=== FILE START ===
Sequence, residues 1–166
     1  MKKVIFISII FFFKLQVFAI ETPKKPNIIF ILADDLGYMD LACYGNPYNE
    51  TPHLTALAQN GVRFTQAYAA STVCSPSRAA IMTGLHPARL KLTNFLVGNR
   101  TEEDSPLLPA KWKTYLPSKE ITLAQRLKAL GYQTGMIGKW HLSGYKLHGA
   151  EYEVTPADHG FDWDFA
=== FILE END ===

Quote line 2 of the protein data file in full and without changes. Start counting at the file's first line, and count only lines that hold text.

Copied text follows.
     1  MKKVIFISII FFFKLQVFAI ETPKKPNIIF ILADDLGYMD LACYGNPYNE